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Monthly Archives: July 2019

13 houses of similar design; by the last three I had it figured out.
A flip-open lid for quick nest inspection, and a side door for seasonal cleaning. Two cedar fence panels (5.5″ x 6′) makes 3 houses, and with the hardware each house costs about $5. There are cheaper ways, but these get hit by bears and cows and hail and blizzards.
The little brass hooks pin the lids and doors closed. The metal D-rings (a pair near the top, and at center bottom for stability) provide sturdy metal-to-metal contact points for the hanging wire.
Slot openings rather than holes. The process moves right to left for prototypes to show model. The first four originally were side-door only and have turn screw doors that pin into a matching cylinder mounted in the door.
These door-hinge-only houses were the first, and at the end I went back and added roof hinges made of bicycle inner tube (one long $10 hinge cuts into 4 double hinged houses- and I ran out of hinges before I ran out of houses). I also ran short on D-Rings, so went old-school with wide-head screws.

It seems that every two years I have to make a new bluebird house design. I hope these answer all the issues the prior designs haven’t addressed.

Two different designs of the past were my Zero Profile https://dangerhart.wordpress.com/2017/07/13/zero-profile-bluebird-houses/ which are only used by tree swallows, my redwood house designs began here https://dangerhart.wordpress.com/2015/06/ which led to https://dangerhart.wordpress.com/2015/07/12/mountain-bluebird-house-upgrade/ and then a series of 6 slot houses https://dangerhart.wordpress.com/2015/07/16/mountain-bluebird-condos/ that the bluebirds have used successfully.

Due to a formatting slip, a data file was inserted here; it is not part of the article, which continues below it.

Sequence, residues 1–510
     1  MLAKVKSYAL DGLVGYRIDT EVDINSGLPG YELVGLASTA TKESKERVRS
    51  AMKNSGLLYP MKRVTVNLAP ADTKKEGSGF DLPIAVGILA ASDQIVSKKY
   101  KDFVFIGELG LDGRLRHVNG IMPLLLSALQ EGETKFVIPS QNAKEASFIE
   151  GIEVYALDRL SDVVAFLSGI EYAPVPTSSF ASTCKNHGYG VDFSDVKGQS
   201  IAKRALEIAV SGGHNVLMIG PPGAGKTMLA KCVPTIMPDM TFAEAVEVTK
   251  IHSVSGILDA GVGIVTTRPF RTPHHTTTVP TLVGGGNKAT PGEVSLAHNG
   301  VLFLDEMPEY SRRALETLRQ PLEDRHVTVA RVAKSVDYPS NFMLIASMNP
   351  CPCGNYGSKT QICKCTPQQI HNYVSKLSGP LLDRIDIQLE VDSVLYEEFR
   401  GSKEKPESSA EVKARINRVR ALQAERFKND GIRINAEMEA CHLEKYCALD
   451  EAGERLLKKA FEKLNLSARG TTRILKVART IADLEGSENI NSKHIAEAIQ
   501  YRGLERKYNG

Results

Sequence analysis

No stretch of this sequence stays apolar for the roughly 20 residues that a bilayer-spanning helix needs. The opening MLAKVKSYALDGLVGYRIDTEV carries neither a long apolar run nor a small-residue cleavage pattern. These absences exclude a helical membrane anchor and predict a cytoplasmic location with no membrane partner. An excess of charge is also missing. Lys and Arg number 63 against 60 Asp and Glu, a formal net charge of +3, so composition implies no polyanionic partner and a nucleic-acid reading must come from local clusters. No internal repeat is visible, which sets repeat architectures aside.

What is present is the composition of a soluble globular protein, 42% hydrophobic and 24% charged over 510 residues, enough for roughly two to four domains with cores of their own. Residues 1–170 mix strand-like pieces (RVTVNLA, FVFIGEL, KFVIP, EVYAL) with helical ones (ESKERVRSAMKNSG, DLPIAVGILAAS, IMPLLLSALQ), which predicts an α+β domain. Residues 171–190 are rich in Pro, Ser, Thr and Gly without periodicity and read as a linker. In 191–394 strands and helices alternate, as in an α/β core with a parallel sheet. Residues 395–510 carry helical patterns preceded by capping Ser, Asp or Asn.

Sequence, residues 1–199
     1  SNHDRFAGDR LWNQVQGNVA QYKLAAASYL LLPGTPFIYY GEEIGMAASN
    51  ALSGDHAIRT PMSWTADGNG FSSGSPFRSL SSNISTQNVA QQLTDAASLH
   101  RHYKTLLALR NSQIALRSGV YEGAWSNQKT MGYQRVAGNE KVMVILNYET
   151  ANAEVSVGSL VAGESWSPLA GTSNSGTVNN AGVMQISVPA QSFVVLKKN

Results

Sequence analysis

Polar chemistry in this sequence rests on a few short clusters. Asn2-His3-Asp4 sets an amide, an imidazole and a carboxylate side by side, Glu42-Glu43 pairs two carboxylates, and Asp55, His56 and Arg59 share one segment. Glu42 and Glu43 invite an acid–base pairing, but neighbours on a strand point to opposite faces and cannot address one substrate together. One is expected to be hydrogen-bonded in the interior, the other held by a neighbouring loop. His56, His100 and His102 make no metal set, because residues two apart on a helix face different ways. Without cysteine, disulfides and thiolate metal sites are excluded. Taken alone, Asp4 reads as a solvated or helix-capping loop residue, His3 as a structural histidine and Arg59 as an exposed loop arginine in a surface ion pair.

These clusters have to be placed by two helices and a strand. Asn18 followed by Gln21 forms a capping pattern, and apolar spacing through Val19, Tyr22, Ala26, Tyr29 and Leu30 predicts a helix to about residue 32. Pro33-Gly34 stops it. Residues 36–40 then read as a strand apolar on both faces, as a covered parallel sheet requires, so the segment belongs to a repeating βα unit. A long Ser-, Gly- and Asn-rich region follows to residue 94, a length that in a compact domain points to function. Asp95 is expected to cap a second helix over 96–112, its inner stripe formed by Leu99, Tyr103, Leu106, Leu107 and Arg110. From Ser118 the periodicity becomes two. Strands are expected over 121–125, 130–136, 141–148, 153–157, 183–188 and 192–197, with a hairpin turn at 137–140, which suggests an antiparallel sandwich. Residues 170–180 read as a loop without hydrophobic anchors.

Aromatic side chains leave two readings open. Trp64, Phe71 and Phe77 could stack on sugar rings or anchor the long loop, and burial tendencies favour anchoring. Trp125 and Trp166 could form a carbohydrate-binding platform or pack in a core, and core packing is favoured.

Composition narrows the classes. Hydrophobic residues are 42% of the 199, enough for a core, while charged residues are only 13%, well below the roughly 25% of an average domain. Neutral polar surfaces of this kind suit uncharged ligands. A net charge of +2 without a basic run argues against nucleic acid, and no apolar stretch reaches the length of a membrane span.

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E spotted this online for free, and thought tandem bagging mowers at the ranch.
Husquivarna 7021P, with a Honda GCV 160 Easy Start motor ( spark plug BPR5ES; blade 5802581 size 20 7/8″ center star, commercial mulching- I have yet to find one)

Does this look like a free lawn mower? It looked and ran in the “free” category when I picked it up last weekend. No “before” picts (I thought it might just be a hopeful fail), and though it had belonged to an urban lady with a tiny yard, it looked like it had been used to cut fire breaks along stream beds, set low to the ground and run over rocks, winding the wettest tall grass, and binding it all on the deck with a spray of oil, then left in the Utah sun to bake it all in, with a bag full of whatever it ran over, turning the bag sickly pink and rust. And it ran rough and burned oil- but it ran.

I took the carburetor apart, cleaned and refitted it, snapping off a lead to the fuel petcock in the process and had to order one in. It arrived after a few days and I parted it out, changed the oil & spark plug and air filter, and put in non-ethanol gas. And I sharpened the blade and refitted it while the machine was empty of oil and gas. It fired right up, blew a last little cloud of smoke as it warmed up, then settled out and ran clean.

Now it just has to make the 530 mile jump to Montana.